That pretty much sums up what a committee does and their role in your (hopeful) success. This makes selection, at least in my case, very important because I value the feedback and need more outside opinions on the scope of work. School-PI tends to have a higher bar than is feasible, so the committee will help narrow it some for me. In my particular case, I formed a committee I was very happy with, however one person left for another school… which meant I had an opening.
There’s another side I didn’t talk about and that’s the degree requirements. Your committee can’t just be any ol’ PI you want. Each school and more specifically department has their own special requirements on this. In my case I need three from within the department, one from outside the department, but at the same university, and one that could be in department, outside department, or even outside the university. Basically anyone with a PhD can fill the role of my fifth. I can have as many people as I want, but I need to meet those requirements before I get the greenlight.
Which wasn’t a problem until I found an error today when I submitted my updated committee selection. I had assumed that one of the PI’s I added, who had dual appointments in both the department I’m part of and another department, would fulfill the “within department” agreement. It does not! So today’s post was going to be about how I finally have my formed, but instead it’s be careful with the requirements!
The good news is that the person in charge caught the problem and let me know. It would’ve been a mess if I had gotten to the point of graduation only to find out it didn’t count. A fear that I have had since something similar almost occurred during my Masters degree, not with the committee, but requirements. So not a fun time for anyone involved if the committee and I (hopefully) celebrated (hopefully) a year from now only to find out it wasn’t valid.
Other good news includes the fact that I may have a good additional member (my committee is going to be > 5 for sure) that fits the requirements. I’ve reached out to him and I’m hopeful that he will say yes, but I won’t know probably for a few days a minimum, possibly longer if I have to send more than one email (again PI’s are super busy). So sort of a cliff hanger regarding my committee.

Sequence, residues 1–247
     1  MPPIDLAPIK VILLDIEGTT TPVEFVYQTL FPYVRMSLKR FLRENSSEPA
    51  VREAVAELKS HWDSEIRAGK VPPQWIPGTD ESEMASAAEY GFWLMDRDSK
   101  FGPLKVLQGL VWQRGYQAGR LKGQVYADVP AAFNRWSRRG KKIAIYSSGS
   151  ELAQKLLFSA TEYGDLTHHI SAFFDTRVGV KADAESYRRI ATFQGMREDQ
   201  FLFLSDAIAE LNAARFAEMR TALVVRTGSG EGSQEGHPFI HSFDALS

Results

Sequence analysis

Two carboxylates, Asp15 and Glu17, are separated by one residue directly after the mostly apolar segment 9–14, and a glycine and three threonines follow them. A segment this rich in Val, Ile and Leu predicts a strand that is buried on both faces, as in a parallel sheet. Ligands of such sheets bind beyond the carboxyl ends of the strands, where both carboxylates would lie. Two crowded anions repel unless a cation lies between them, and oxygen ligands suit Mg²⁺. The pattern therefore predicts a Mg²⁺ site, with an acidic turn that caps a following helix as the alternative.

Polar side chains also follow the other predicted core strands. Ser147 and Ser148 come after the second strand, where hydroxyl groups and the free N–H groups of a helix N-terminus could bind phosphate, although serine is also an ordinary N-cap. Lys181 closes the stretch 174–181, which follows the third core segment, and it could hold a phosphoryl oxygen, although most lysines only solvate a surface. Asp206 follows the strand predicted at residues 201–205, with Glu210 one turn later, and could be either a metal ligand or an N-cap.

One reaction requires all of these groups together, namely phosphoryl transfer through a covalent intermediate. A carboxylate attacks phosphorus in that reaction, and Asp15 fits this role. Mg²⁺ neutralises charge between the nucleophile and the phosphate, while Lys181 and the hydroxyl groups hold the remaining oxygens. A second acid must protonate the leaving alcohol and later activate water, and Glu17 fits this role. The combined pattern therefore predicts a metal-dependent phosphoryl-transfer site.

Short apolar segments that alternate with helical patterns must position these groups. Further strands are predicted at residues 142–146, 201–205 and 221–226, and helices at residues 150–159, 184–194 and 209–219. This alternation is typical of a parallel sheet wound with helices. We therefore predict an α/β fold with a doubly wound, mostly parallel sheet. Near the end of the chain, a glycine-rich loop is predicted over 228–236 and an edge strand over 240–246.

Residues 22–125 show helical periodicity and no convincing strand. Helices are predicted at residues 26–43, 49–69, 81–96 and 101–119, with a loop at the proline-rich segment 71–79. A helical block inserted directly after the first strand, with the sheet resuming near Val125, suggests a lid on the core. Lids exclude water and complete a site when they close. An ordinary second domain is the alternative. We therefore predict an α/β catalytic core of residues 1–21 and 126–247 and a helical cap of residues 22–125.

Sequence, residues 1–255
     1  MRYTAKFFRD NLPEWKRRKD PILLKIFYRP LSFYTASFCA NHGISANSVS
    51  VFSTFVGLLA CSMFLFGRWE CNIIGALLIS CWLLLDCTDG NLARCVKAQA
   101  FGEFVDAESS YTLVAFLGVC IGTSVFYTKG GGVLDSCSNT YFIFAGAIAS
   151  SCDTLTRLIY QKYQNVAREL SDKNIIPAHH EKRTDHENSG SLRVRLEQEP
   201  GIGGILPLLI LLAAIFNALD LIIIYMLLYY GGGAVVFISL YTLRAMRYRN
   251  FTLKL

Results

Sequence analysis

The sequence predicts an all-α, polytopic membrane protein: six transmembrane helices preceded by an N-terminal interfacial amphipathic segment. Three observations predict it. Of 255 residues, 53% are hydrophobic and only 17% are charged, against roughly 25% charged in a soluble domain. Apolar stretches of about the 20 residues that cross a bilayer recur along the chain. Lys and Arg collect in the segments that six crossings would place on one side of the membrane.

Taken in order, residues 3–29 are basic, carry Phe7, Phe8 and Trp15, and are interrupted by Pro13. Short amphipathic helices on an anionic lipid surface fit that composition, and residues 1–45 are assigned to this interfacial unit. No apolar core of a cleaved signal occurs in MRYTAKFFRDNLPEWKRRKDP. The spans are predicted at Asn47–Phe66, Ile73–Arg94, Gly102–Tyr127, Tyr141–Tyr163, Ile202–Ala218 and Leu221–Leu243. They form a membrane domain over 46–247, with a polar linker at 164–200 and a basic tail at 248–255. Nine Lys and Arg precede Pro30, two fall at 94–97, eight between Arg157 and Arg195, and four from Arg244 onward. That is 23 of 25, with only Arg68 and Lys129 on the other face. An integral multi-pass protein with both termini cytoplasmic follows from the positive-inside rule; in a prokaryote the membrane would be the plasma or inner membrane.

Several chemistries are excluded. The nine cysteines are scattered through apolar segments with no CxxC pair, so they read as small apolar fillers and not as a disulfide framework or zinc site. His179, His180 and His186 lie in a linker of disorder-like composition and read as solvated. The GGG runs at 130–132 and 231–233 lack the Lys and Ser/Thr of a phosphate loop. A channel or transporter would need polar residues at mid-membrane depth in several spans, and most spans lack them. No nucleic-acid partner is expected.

The good news is, if all goes well, I will be doing my proposal defense soon. As in, within the next month or two at most. Then it’s a mad rush to collect and process data! That will be fun (not really), but if I can manage it I will be very happy. There is quite a bit of work to be done between now and my proposal. An additional requirement is the physical proposal, a document detailing what I want to do. That needs to be written and distributed to my committee members at LEAST two weeks before my proposal defense. That still fits within my timeline, I’m going to try to do my defense at the end of this month if I can get everyone together, but I still haven’t written my proposal, sooooooooo yeah. I’ve got some writing to do between now and then.
Hopefully this helps anyone else going through a similar phase in their PhD. While most of this is probably only applicable to engineering type degrees, I’m sure there are at least a few points that are valid for anyone getting a PhD… I think… I hope.
As always, if you’re on the path to your PhD, welcome aboard and good luck!